Tuesday, May 11, 2010
Sports columnist Aaron McFarling: Big Ten to alter? Give me games
- Turns out Danica really is a driver
- Bowling trouble just the first sign
- NASCAR hopes to recapture its pre-recession popularity
- Super Bowl matchup providing all the hype
Reason No. 467 why baseball is my favorite sport: They play games. Lots of them. Every night, games. Every morning, box scores.
We've become a football-obsessed nation. On weekends in the fall, we have every right to be. I will not argue that baseball games are more exciting than football games, because generally they are not.
But in the spring, there are no football games. So we lose our minds.
We create mock drafts. Then we grade drafts. Sometimes we even say things like Mel Kiper Jr. did in 2007:
"Three years from now you could certainly be looking at a guy who is certainly one of the elite top five quarterbacks in this league. . . . Nobody has an arm like JaMarcus Russell."
And then, three years later, Russell gets released. And then we look silly.
This spring, conference expansion has gripped the college football-loving nation. Never has something so nebulous wielded such a powerful fist, and we're struggling with how to react.
Should we be fearful that the game won't look like it once did?
Outraged at the greed?
Happy that this could wind up becoming a de facto playoff?
(Games! My kingdom for games!)
But in a sense, I suppose we do have a game here. The waiting game. That's all the ACC can do in this spot: Wait until the Big Ten makes its move, then react.
The Big Ten decision-makers have said they want to accelerate the expansion process, finalizing their new league within the next 8 to 14 months. They wield the power, and their next step determines a lot. Maybe they finally rope Notre Dame. Maybe they snag Missouri-Rutgers-Syracuse or Nebraska-Pittsburgh-Missouri or Missouri-Rutgers-Nebraska, branching both eastward and westward.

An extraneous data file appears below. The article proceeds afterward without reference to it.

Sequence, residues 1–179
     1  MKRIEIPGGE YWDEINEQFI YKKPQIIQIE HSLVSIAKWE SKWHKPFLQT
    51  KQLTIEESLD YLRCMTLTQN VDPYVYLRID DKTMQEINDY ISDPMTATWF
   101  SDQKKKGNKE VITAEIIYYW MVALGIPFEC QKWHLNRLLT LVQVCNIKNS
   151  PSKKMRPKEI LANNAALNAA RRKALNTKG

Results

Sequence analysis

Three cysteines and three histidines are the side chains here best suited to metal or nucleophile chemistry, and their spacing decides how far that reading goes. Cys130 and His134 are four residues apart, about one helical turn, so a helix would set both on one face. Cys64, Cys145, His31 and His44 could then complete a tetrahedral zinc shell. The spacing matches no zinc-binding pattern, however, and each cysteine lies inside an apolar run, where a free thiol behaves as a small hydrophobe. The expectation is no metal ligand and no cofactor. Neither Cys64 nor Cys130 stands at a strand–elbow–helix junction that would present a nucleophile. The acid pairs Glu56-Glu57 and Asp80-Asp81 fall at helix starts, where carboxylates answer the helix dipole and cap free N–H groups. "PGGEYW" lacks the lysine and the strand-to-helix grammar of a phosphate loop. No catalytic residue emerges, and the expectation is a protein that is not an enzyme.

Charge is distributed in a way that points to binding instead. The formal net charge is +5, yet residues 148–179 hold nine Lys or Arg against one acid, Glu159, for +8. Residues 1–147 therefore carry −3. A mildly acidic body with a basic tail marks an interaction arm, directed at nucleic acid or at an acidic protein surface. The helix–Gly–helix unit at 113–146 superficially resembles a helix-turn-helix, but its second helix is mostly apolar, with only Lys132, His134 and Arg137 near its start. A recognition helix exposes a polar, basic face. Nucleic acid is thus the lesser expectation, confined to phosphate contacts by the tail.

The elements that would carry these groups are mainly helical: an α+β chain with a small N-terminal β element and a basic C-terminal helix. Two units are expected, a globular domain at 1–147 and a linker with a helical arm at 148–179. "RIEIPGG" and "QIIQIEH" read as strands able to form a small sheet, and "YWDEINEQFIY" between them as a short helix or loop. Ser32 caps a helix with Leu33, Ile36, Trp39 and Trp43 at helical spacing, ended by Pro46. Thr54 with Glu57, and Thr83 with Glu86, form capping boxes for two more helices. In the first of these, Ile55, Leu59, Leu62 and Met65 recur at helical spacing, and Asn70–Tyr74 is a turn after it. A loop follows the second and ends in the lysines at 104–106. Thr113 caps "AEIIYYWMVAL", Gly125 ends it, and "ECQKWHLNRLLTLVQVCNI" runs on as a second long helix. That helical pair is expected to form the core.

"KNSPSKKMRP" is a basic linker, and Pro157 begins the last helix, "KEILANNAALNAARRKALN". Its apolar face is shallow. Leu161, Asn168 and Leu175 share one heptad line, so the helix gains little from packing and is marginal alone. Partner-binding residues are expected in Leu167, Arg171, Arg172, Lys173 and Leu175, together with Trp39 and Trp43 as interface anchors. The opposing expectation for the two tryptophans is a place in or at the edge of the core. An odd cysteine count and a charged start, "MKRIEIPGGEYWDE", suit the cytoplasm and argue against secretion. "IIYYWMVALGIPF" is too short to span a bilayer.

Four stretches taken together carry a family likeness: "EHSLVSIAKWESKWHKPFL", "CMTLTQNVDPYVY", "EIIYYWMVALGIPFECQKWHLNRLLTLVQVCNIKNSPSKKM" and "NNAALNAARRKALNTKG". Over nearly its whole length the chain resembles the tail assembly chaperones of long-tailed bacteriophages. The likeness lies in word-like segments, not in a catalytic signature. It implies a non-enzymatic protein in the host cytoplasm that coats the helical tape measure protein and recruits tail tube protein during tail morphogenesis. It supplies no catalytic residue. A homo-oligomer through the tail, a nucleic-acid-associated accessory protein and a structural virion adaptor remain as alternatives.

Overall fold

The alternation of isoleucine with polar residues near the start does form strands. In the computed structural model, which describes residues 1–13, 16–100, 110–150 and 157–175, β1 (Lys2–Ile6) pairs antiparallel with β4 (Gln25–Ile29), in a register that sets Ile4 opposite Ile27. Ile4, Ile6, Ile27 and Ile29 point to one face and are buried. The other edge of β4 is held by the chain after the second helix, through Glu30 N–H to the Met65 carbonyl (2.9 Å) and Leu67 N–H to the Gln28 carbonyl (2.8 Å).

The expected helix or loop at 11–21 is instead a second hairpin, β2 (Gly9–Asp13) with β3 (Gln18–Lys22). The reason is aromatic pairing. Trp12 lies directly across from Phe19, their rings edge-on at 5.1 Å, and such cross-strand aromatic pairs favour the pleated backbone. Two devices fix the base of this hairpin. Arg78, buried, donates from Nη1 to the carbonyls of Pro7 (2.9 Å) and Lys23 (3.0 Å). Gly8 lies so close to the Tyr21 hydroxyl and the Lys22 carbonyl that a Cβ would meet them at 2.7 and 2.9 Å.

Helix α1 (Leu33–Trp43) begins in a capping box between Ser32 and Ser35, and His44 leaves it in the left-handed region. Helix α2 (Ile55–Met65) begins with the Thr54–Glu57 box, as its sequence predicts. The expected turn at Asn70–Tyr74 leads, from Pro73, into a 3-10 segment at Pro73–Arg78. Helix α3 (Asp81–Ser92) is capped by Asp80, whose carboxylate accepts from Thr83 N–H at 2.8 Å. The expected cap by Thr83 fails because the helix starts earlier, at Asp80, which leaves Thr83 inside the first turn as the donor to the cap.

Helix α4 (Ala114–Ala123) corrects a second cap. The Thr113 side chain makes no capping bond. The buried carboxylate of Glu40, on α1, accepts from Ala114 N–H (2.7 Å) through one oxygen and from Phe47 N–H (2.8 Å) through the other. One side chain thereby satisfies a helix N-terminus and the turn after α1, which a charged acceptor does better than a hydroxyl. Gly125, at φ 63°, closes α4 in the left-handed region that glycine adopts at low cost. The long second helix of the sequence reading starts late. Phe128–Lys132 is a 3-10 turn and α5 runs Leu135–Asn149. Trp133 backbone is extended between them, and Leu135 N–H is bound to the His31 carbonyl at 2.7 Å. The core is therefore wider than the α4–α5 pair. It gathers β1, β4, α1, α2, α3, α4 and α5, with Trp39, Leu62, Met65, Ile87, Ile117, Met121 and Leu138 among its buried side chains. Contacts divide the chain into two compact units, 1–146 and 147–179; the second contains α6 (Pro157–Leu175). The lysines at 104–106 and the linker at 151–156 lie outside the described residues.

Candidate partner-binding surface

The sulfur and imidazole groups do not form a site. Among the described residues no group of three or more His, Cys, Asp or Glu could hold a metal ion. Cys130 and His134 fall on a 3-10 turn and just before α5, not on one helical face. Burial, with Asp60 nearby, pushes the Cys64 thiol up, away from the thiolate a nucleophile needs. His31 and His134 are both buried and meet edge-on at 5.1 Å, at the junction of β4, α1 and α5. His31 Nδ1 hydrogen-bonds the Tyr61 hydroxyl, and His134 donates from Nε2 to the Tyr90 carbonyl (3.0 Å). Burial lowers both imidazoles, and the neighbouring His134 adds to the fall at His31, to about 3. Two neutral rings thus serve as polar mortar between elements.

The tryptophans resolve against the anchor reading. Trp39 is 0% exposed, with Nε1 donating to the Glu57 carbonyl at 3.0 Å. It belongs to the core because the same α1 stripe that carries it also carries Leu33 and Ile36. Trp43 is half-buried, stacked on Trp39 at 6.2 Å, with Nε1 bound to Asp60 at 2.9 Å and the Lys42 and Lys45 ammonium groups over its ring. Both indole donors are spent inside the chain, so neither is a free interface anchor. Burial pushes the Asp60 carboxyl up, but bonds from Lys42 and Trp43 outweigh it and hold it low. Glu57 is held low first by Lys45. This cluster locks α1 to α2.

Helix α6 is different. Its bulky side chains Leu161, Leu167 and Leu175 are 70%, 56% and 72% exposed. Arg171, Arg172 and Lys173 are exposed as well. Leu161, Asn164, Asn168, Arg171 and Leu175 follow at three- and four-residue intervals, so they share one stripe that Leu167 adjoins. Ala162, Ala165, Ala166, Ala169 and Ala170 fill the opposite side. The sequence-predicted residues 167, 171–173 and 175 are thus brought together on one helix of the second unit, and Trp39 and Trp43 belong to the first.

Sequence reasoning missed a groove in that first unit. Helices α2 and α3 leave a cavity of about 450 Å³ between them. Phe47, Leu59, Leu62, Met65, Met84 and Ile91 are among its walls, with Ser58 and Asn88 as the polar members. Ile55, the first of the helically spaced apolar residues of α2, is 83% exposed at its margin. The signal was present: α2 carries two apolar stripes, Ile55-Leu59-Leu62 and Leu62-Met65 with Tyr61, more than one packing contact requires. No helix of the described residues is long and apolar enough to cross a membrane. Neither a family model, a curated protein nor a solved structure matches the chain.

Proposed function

Maybe they stop at 12 teams. Or 14. Maybe they'll go to 16, creating the first megaconference, changing the landscape of college football forever, forcing the SEC to go after Florida State and Clemson and...
You get the picture. Nobody really knows what the Big Ten will do next. But we do know this: We ought to be worried.
Tony Barnhart of the Atlanta Journal Constitution had an interesting blog item Monday morning, arguing that ACC officials -- currently attending spring meetings off the coast of Florida -- need to develop a contingency plan for when the Big Ten expands and the dominoes start to fall in other conferences.
The post generated more than 100 reader comments by early afternoon.
Some worried about what would happen to their favorite team.
Others had predictions on what will happen next.
And others -- my favorites, because most of these guys actually came armed with facts -- stopped by just to make fun of the quality of ACC football.
Hard to argue with Barnhart: The ACC needs a contingency plan. But what should that plan be? Barnhart is perhaps the most knowledgeable, plugged-in college football writer in the country, and not even he could offer one.
What hope, then, do the rest of us have?
I know my hands should be wringing, my goose bumps raised, my underbritches bunched. But for some reason, they aren't.
So please pass me some pretzels and a remote. When the big one hits, you'll know where to find me, perhaps the last place you'd look for the modern sports fan in the spring.
Watching a game.
Read Aaron McFarling's Daily Sports Briefing on the Press Box blog weekday mornings at http://blogs.roanoke.com/rtblogs/pressbox/